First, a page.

13 June 2008, Quezon City, Philippines - Tearing down makeshift walls of a police detachment that is being built in front of the Department of Agrarian Reform (DAR) compound, farmers shouted their demand for the reform and extension of the Philippine’s Comprehensive Agrarian Reform Program (CARP), which is due to end in June next year, amid criticisms of the government’s failure to implement it.
“These walls are symbols of the government’s protection of the landowners, instead of the farmers, so we are tearing them down,”cried Renato Penas, Chairperson of the Pambansang Kilusan ng mga Samahang Magsasaka (PAKISAMA), a national confederation of farmers organizations in the Philippines, as he and other farmer leaders use their hands to destroy the makeshift walls.
Around 300 farmers, fishers, rural women and children with their support groups coming from farmers tear down walls of police detachment"national and international NGOs marched from Commonwealth Avenue to Quezon Circle at 9:00 AM last June 12, which also marks the 109th anniversary of Philippine Independence.
The farmers’groups that gathered in front of DAR included national federations such as PAKISAMA, Pambansang Katipunan ng mga Samahan sa Kanayunan, Task Force Mapalad, Ugnayan ng Nagsasariling Organisasyon sa Kanayunan, Pambansang Kilusan ng mga Magbubikid ng Pilipinas, NGOs and agrarian reform advocates in the Philippines.
Farmer leaders from Asian Farmers’ Association for Sustainable Rural Development (AFA), a regional alliance of national farmers’ organizations in eight Southeast and North Asia countries, joined the rally in solidarity with the Filipino farmers.
Representatives from AFA’s member organizations, SorKorPor in Thailand, API in Indonesia, TWADA in Taiwan, VNFU in Vietnam, and FNN in Cambodia are here in the Philippines for a regional-consultation workshop on farmers’ situation from June 12-15.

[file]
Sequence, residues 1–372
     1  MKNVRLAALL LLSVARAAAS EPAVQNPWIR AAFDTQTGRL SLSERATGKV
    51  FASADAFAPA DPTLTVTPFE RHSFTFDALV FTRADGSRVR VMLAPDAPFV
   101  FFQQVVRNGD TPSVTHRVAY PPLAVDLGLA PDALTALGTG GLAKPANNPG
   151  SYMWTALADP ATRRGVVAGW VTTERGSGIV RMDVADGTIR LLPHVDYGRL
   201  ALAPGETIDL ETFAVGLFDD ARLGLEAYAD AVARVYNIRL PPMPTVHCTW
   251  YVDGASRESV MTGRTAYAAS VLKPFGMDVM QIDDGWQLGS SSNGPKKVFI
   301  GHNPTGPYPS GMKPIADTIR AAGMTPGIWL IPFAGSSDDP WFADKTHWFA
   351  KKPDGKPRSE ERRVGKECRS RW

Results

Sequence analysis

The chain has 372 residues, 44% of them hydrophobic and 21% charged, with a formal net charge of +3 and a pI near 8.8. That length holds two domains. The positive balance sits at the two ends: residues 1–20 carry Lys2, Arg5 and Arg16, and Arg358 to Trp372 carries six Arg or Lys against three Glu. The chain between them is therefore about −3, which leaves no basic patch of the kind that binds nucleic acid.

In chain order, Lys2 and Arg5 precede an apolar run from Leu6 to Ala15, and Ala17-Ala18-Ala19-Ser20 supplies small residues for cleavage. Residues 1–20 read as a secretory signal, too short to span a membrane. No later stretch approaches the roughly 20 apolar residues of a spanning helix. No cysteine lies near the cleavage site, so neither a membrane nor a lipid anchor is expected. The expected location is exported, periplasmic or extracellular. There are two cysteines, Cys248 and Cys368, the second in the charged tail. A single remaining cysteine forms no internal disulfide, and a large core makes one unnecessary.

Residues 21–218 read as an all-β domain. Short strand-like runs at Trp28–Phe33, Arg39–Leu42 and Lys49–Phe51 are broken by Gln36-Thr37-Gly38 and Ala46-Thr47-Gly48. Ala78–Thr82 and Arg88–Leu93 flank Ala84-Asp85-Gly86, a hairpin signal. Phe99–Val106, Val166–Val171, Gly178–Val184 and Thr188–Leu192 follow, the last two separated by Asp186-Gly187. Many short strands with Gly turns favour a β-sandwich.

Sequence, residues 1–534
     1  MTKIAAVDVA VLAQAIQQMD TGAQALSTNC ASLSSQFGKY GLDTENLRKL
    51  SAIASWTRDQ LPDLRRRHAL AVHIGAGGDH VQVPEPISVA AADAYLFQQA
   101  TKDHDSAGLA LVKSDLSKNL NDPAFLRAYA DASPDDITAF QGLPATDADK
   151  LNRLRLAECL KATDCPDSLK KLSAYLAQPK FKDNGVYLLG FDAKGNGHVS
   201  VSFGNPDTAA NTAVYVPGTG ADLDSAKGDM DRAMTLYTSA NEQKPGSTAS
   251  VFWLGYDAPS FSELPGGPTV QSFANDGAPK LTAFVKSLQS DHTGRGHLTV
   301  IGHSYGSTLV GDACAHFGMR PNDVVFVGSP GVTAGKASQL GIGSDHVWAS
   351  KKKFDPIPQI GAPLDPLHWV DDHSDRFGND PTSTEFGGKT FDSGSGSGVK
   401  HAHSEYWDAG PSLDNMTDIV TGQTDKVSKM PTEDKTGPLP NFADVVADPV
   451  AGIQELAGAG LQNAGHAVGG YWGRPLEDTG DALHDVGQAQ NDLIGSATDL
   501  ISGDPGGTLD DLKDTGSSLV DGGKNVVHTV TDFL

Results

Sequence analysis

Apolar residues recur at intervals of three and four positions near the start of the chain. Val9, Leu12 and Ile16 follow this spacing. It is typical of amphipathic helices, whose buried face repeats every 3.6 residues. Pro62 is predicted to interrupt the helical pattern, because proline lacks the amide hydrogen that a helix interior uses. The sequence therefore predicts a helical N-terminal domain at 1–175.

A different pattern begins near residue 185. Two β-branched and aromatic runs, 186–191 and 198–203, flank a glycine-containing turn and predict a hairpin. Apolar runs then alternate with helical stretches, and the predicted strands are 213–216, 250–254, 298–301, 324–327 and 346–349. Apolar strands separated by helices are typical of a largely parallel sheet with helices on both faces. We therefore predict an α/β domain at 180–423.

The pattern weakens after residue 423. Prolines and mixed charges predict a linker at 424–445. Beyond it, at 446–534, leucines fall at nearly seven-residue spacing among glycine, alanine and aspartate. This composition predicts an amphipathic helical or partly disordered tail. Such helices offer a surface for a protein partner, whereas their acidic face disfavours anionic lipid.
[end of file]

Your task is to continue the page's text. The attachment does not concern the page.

AFA Vice-Chairperson Ms. Sudaporn Sittisathapornkul, a farmer-leader from SorKorPor, delivered the association’s solidarity statement and urged the Philippine government to continue the implementation of the program.
“Our farmers from Taiwan, Korea, Japan, and Vietnam have been successful in their land redistribution and the development of farmes in these countries was primarily because of land redistribution,” said Sittisathapornkul.
During the rally, farmers from Task Force Malapad carried the pictures of the two farmers who were recently killed by the bodyguards of landowner Roberto Cuenca in Negros Occidental after they tried to install themselves in the 144-hectare land distributed to them under CARP.
“We denounce the killings of farmer leaders and NGO workers who are at the forefront of the struggle for agrarian reform,” said Sittisathapornkul.
“We believe that government should protect farmers’ rights and must give all resources so they can fully benefit from government’s program,” she added.
API Chairperson Sambito from Indonesia, speaking before the rally, identified with the Filipino farmers’plight.
He said that Indonesian farmers also face violence form the military. Just recently, 4 Indonesian farmers were killed when they resisted the encroachment of the military in the land they were tilling.
“We are one with you in your struggle for your land and for justice for the farmers,” Sambito said.
Nineteen years after the Comprehensive Agrarian Reform Law (CARL) was signed into law on June 10, 1988, landlessness remains the biggest problem of Filipino farmers, many of whom live in abject poverty.
One year before it ends, more than 1 million hectares of prime agricultural land identified under the program have yet to be redistributed, while landowners’ resistance have intensified.
The agrarian reform movement is no doubt facing an uphill and difficult battle; one that the Filipino farmers are ready to fight for, alongside their Asian comrades.